Those who have been frequenting the course in recent weeks will have noticed some areas of the fairways have dried out quite rapidly. The warmer temperatures combined with stronger grass growth, spring winds and lower than average rainfall have all contributed towards having less moisture in the soil than normal. This has resulted in some areas of turf drying out beyond where we would normally try to maintain them.

Not all areas dry out at the same time as seen here on the 9th Fairway

The most common course of action is to replace this moisture as it is depleted through the use of supplemental irrigation. However, as our members were made aware of, having the ability to draw water doesn't automatically translate to unrestricted access.

A recent communication from the club outlined briefly that we have to abide by the conditions of our consent regarding water take. Those conditions are determined by a variety of factors many of which are outside of our influence. It must be recognised that our water source, the Waikato River, is shared among many users so consideration is given to being a responsible user and a good neighbour to other users.

                 This web based screen shows exactly where we are regarding our consent

Our consent stipulates 3 key conditions that must be met:

1: We must not exceed the maximum allocated water per day take.

For us, we are allowed up to 825 cubic metres (thats 825,000 litres) in a single 24 hour period.

2: We must not exceed the maximum allocated water per second take.

This means, in our situation, we cannot "take" more than 26 litres of water per second.

3: We must not exceed the allocated water per year amount stipulated.

We are permitted to take 75,600 cubic metres of water during the period of November 1st through to 31st March each year. During the period of 1st April until the 31st October, we are allowed to access only 5000 cubic metres of water.

All of these conditions are monitored electronically with data being sent off every 15 minutes detailing our activities so there is zero room to operate outside the consent.

This screen tracks our usage over a given time period

While these numbers sound large, it is worth appreciating that currently (as on the 26th October 2018) there is approximately 274,000 litres of water per second flowing past the golf course. Thats 16,440,00 litres per minute, 986,400,000 litres per hour or 23,673,600,000 litres per day!!!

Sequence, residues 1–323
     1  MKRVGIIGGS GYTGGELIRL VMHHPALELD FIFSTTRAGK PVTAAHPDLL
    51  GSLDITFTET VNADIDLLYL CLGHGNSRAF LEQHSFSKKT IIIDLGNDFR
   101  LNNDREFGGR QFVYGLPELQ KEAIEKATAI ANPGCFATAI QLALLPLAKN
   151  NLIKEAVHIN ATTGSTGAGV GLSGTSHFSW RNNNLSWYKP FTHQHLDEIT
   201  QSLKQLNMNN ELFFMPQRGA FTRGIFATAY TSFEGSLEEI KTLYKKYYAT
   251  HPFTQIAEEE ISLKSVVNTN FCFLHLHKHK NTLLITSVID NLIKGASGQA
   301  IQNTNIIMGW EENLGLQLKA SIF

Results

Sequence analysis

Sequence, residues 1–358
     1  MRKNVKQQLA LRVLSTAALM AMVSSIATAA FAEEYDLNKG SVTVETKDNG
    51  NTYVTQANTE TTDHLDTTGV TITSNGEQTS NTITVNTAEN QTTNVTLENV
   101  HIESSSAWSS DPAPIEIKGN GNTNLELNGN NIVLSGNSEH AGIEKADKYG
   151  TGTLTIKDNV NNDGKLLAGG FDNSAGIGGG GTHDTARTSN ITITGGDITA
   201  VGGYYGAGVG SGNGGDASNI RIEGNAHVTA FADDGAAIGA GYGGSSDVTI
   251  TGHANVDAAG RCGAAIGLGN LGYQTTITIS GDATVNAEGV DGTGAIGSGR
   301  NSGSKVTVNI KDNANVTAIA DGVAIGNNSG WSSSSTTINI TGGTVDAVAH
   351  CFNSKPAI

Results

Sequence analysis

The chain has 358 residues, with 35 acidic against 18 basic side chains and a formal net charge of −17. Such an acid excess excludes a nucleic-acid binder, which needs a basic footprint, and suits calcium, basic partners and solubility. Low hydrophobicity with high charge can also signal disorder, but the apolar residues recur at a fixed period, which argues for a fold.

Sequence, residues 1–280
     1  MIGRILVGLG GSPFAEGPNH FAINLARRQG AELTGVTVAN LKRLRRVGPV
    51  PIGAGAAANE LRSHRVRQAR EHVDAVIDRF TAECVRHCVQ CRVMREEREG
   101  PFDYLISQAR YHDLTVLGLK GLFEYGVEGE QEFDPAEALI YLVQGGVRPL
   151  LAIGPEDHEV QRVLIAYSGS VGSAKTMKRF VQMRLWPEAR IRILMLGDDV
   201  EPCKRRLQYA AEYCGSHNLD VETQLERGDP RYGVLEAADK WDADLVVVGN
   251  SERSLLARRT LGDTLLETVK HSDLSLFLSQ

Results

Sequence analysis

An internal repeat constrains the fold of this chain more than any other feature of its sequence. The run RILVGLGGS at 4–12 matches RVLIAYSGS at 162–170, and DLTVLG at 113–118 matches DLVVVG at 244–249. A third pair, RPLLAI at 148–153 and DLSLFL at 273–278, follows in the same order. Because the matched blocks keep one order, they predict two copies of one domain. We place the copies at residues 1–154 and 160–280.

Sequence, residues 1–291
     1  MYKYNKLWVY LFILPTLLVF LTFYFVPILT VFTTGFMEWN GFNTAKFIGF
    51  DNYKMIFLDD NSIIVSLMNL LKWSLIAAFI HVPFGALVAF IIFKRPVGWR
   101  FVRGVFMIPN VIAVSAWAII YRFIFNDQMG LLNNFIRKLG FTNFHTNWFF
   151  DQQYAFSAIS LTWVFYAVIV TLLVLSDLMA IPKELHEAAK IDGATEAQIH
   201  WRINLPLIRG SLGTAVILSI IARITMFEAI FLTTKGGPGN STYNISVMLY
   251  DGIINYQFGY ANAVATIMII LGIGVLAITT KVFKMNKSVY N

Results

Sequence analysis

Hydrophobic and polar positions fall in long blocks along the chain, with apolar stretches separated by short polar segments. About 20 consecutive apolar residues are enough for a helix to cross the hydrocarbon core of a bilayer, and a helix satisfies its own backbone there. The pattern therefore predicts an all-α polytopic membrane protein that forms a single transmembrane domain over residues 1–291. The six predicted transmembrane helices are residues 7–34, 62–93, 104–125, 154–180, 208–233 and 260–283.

This spreadsheet is used to work out how much water we have left and help allocate it

As we are still in October, we are governed by the smaller volume and what is currently still available of that amount. Therefore, we must prioritise where the water is used with the greens clearly being the main focus at the expense of all other areas.

So, how do we decide what to water and how much to apply?

Historically, experience and visual assessment has been the mainstay of the industry in determining irrigation requirements. While often achieving good results, the modern greenkeeper has a few more options at his disposal these days.

One of the best ways to assess moisture is to take a plug and have a look or feel

The biggest innovation in water management (and potentially turf management in general) in recent years has been the introduction of portable moisture meters. These meters have given the ability to accurately assess soil moisture content (expressed as volumetric water content percentage VMC) by simply inserting a device with 2 small diameter probes  into the ground. This number allows the user to compare areas and decide if more water is required to achieve the desired target. If the number is already above your target, there is no need to apply more water.

Looking down on the TDR300 Moisture meter

Where looking at an area and deciding if it is wet or dry is very subjective, the VMC reading is completely objective and can be used by anyone. While certainly not a replacement for experience it gives the person making the decision more information to work with.

Once the measurements are read, we record them via a custom input form on a phone which then allows them to be accessed electronically on a web browser or downloaded to a spreadsheet for storage and analysis. These numbers are then factored in when programming the upcoming nights irrigation and tailor made water applications are scheduled to reflect the individual requirements of different greens, tees and fairways.

The VMC readings are used to aid in determining what needs watering and for how long. As you can see, only a few greens will receive water tonight

Managing water isnt a straightforward exercise. The quality and flexibility of the irrigation system being used to apply the water is also a massive influence. Add into the equation soil types, grass species, available labour, weather etc and there are a lot of moving parts which can be difficult to line up at times. Be assured though that we take our responsibility of utilising this precious resource very seriously and constantly seek ways to better improve our efficiency and maximise the benefit from the water we do apply. As noted in a previous post about green colour not being the main goal it is important to recognise that grass will look and play differently based on the season. The key, is to try and sustain plant health and vigour to a level that supports good fun golf.

Good Golfing

The Maintenance Team

Hamilton Golf Club


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